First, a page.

Scripting Against Named Code Groups
The CLR's default policy gives each code group a unique name. If code groups have not been deleted or
Table 9-3. Common Code Group Names for Scripting
To see a complete list of code groups and their names in all policy levels, you can use the following caspol command:
To change a code group's permission set, include a command of the following form in your batch script:
To add a new code group, include a command of the following form in your batch script:
To reset policy to the default state at a policy level, include a command of the following form in your batch script:
The following caspol batch script resets policy to the default on all policy levels and grants full trust to intranet applications. Because the granted permissions to code are calculated as the intersection between policy levels and (in default policy) both enterprise and user policy levels are set to full trust, you need to change only the machine policy level in order to guarantee that intranet applications receive full trust. In our example, the following script
The first line in the following script of caspol commands shows how to set policy so code from the Internet will not receive any permissions from machine policy. The second command shows how to add a code group for granting full trust to code signed by the publisher that signed Myexe.exe. Note that the new code group is hung off the root of the machine policy.
Authentication and Authorization
Next, we'll look at .NET and operating system interaction in the areas of authentication and authorization.
Windows Identity in Server Applications
When you use ASP.NET Windows authentication, ASP.NET attaches a WindowsPrincipal object to the current request. This object is used for URL authorization. The application can also use it programmatically to determine whether a requesting identity is in a given role.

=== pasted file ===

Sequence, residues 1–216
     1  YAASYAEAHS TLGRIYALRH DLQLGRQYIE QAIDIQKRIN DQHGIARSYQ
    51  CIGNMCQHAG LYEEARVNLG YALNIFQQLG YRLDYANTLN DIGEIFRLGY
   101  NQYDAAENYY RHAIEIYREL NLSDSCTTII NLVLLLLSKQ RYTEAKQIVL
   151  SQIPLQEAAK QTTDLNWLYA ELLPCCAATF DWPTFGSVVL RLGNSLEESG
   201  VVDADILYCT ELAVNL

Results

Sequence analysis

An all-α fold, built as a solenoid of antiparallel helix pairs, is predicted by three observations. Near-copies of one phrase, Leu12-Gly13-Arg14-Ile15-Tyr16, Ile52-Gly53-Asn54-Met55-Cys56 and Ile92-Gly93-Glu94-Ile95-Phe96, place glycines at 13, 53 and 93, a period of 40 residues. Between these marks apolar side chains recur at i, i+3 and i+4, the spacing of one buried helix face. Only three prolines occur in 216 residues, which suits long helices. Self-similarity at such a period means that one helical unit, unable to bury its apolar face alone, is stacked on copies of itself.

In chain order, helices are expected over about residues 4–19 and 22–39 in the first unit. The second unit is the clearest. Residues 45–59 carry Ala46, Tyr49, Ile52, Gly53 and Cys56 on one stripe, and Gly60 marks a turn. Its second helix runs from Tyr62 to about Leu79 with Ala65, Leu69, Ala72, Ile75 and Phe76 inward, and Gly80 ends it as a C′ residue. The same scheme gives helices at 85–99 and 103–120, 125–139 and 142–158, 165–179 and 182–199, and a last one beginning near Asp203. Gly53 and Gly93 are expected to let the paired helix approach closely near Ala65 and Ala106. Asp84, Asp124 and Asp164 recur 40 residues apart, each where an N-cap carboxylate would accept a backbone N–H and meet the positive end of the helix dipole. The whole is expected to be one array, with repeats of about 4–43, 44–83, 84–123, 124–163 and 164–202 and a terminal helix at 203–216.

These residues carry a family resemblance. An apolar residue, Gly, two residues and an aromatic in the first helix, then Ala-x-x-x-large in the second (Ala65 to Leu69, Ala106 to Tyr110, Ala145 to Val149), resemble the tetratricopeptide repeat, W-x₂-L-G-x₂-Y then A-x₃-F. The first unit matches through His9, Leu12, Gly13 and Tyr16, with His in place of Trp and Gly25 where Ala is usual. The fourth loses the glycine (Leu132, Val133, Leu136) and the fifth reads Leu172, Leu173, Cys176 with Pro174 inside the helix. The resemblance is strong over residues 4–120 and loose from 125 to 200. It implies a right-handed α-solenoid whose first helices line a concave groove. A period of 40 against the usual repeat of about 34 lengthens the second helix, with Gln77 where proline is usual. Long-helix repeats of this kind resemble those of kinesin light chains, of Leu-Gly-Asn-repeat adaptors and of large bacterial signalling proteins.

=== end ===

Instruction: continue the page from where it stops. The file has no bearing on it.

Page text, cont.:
IfUser.IsInRole("Administrators")Then DisplayPrivilegedContent() EndIf
The WindowsPrincipal class determines the roles of the user's NT group membership. ASP.NET applications that want to determine their own roles can do so by handling the WindowsAuthentication_OnAuthenticate event in their Global.asax file and attaching their own class that implements System.Security.Principal.IPrincipal to the request, as shown in the following example:
'CreateaclassthatimplementsIPrincipal PublicClassMyPrincipal:ImplementsIPrincipal 'Implementapplication-definedrolemappings EndClass 'InaGlobal.asaxfile PublicSubWindowsAuthentication_OnAuthenticate(SourceAsObject,_ eAsWindowsAuthenticationEventArgs) 'Attachanewapplication-definedclassthatimplementsIPrincipalto 'therequest. 'NotethatsinceIIShasalreadyperformedauthentication,theprovided 'identityisused. e.User=NewMyPrincipal(e.Identity) EndSub
Forms-based authentication is an ASP.NET authentication service that enables applications to provide their own logon user interface and do their own credential verification. ASP.NET authenticates users, redirecting unauthenticated users to the logon page and performing all the necessary cookie management. This
An application must be configured to use forms-based authentication; you set <authentication> to Forms and deny access to anonymous users. The following example shows how this can be done in the Web.config file for the desired application:
<configuration> <system.web> <authenticationmode="Forms"/> <authorization> <denyusers="?" /> </authorization> </system.web> </configuration>
Administrators use forms-based authentication to configure the name of the cookie to use, the protection type, the URL to use for the logon page, the length of time the cookie will be in effect, and the path to use for the issued cookie. Table 9-4 shows the valid attributes for the <Forms> element, which is a subelement of the <authentication> element shown in the following example:
<authenticationmode="Forms"> <formsname=".ASPXCOOKIEDEMO" loginUrl="login.aspx" protection= "all" timeout="30" path="/"> <!--protection="[AllNoneEncryptionValidation]" --> </forms> </authentication>
Table 9-4. Security-Related Forms Attributes